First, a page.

Special Newsletter - Colour Cosmetics

The lowdown on colour regulation in Europe

By Andrew MCDOUGALL contact

- Last updated on GMT

The lowdown on colour regulation in Europe

Related tags: Cosmetic products, European union, Cosmetics, European commission, Chris flower

Colour plays a vital role in the cosmetics industry, but manufacturers can sometimes be faced with the challenges that arise from the regulations surrounding colour and colourants. Here we sat down with the Cosmetics Toiletry and Perfumery Association to take a look at the legislation in Europe…

Cosmetic colourants are specifically regulated under the European Cosmetic Products Regulation (EC) No 1223/2009, which means that only those colours listed in an annex (Annex IV) to the Regulation are allowed for use in cosmetic products.

Cosmetic colourants are defined in the Regulation as substances which are exclusively or mainly intended to colour the product or the body where the product is applied by absorption or reflection of coloured light.

“In other words, if you can generate colour by another means, that substance would not be subject to the need to be on Annex IV, though of course it must be safe,” ​CTPA Director-General Chris Flower tells CosmeticsDesign-Europe.com.

“In addition, precursors of oxidative hair colorants are also considered to be colours even if they do not actually impart colour as they are.”

The team at the CTPA, which also includes Dr Emma Meredith, Director of Science, and Debbie Hunter, Director of Commercial Affairs, also say that in some cases there are specific purity criteria which apply to specific colours listed in Annex IV. In other cases, they say some colours may not be used for some product types.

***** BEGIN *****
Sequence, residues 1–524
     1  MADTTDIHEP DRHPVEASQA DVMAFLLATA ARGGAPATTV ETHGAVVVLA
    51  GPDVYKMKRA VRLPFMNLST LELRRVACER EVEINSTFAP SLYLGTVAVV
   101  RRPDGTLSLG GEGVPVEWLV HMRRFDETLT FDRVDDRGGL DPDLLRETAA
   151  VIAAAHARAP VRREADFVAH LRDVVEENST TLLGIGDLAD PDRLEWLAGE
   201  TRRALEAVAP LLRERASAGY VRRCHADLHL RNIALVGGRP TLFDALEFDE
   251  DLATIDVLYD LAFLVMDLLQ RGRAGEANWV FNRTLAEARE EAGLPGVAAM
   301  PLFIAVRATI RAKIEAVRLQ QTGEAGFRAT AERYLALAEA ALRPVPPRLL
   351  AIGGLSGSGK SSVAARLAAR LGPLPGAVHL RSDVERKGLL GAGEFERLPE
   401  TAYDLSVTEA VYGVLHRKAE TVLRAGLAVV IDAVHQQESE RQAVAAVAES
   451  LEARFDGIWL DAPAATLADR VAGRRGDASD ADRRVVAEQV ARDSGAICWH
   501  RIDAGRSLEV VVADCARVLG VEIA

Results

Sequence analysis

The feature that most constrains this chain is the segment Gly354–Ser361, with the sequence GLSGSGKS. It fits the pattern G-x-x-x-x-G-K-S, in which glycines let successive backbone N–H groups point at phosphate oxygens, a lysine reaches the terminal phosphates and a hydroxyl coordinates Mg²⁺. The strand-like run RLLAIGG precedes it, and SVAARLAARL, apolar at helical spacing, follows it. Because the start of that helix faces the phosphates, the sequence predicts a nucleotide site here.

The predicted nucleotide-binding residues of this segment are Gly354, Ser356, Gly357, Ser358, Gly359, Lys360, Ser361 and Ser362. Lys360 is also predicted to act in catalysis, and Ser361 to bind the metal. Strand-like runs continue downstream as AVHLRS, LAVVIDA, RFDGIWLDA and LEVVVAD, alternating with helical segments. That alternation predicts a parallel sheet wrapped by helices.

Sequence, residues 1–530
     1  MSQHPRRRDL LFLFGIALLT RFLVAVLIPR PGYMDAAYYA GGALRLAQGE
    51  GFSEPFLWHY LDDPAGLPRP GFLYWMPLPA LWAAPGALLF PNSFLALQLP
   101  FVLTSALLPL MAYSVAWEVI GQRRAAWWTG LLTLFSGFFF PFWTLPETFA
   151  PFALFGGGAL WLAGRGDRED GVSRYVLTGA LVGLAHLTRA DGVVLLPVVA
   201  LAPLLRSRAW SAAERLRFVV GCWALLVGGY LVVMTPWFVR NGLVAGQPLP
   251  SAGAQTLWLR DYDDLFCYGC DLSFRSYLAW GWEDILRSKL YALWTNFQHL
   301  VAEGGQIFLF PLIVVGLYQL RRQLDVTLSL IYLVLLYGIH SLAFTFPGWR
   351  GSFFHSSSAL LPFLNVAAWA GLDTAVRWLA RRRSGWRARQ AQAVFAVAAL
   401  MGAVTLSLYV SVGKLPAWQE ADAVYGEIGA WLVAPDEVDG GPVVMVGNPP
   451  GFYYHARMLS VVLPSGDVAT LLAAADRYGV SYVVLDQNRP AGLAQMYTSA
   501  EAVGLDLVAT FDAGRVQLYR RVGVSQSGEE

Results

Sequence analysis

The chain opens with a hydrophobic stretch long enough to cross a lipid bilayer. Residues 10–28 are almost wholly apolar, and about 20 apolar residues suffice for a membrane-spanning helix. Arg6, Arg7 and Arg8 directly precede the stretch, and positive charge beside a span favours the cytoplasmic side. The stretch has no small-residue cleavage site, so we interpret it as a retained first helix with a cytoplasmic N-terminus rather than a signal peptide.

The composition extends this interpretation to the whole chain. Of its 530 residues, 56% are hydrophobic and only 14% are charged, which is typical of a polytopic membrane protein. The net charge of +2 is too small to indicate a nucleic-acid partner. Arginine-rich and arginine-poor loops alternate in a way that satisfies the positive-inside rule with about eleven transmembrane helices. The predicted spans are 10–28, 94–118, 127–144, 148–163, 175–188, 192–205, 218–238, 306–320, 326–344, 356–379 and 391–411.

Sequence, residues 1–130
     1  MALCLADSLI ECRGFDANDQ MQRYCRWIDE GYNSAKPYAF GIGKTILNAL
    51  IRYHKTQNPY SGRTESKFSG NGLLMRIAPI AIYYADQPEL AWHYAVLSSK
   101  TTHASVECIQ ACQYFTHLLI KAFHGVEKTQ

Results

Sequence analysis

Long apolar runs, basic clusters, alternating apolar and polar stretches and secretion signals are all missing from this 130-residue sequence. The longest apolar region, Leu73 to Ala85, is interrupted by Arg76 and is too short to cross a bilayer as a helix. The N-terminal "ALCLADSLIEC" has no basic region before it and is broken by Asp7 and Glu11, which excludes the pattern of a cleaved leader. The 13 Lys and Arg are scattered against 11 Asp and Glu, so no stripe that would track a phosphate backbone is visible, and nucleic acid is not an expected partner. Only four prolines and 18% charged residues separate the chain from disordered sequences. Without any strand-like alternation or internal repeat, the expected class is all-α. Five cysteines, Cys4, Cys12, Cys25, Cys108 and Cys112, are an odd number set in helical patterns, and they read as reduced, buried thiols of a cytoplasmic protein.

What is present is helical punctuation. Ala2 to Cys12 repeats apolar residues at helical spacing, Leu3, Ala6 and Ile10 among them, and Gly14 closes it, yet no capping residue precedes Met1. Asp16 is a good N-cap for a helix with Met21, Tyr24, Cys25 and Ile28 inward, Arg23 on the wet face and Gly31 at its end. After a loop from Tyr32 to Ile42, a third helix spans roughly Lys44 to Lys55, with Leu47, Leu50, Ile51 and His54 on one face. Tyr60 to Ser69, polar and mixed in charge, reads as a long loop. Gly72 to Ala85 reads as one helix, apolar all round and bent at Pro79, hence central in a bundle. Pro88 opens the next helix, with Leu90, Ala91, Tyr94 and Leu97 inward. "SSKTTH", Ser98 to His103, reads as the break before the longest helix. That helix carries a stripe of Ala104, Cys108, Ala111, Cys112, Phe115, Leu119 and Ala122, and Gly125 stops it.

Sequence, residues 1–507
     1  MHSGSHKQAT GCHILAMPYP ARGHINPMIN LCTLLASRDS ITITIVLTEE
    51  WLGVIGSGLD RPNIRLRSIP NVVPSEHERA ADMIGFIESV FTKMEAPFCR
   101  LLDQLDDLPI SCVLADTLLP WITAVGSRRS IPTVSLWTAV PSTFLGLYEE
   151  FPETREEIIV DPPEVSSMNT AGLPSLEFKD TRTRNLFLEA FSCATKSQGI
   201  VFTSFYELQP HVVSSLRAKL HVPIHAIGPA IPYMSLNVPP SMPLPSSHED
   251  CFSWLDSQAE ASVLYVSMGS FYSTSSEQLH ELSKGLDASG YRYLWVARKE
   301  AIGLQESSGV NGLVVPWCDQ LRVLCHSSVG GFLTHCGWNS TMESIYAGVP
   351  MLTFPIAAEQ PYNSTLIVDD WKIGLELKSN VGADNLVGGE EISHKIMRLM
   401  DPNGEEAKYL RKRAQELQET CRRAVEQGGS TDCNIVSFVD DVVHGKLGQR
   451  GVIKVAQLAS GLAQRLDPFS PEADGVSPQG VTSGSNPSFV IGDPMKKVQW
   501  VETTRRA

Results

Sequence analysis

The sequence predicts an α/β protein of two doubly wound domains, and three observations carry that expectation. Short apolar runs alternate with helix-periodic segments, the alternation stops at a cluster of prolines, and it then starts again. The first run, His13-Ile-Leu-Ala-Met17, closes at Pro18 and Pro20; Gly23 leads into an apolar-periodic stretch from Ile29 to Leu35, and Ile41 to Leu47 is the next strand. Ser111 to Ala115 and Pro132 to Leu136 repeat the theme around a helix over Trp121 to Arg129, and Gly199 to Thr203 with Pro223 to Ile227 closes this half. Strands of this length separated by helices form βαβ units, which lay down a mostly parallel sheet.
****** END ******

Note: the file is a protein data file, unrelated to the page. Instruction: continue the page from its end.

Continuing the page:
An example of this is that some colours are not allowed for leave-on use or for use where ingestion is a possibility, such as in a lipstick – and these restrictions are clearly laid out for each colour where they exist, says the CTPA.

Teething problems

It means that any colourant that is not listed in Annex IV to the Regulation may not be used in cosmetic products placed on the European market, although Flower explains a number of discrepancies crept in when the Cosmetic Products Directive changed  to the Regulation.

“A number of drafting errors crept in to the colours annex and these have led to real problems for the colour manufacturers and suppliers,”​ he says.

“However, Cosmetics Europe has made the European Commission aware of these errors but it will take some time before they are all corrected.”

The CTPA also says that adding new colours to the permitted list is problematic, as in order to be approved, a file of safety information on the colour has to be submitted and assessed by the European Commission’s expert scientific committee, and according to the requirements of that committee, some data can only be obtained via animal testing at the present time.

As we know, the same Regulation has prohibitions on animal testing and bans the sale of cosmetics that contain ingredients tested on animals in order to comply with the requirements of the Cosmetic Products Regulation.

“In effect, it means that the list of approved colours is closed for the time being as we could find ourselves in a Catch 22 position: no data = no approval, yet generate data = banned from use,”​ says Flower.

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